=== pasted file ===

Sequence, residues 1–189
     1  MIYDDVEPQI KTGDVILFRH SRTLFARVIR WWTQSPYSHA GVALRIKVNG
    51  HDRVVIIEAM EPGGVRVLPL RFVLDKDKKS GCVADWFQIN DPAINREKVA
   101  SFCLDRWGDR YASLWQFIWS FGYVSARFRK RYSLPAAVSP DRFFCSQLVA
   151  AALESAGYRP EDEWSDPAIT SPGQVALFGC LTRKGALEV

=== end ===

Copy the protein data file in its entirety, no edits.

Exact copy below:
Sequence, residues 1–189
     1  MIYDDVEPQI KTGDVILFRH SRTLFARVIR WWTQSPYSHA GVALRIKVNG
    51  HDRVVIIEAM EPGGVRVLPL RFVLDKDKKS GCVADWFQIN DPAINREKVA
   101  SFCLDRWGDR YASLWQFIWS FGYVSARFRK RYSLPAAVSP DRFFCSQLVA
   151  AALESAGYRP EDEWSDPAIT SPGQVALFGC LTRKGALEV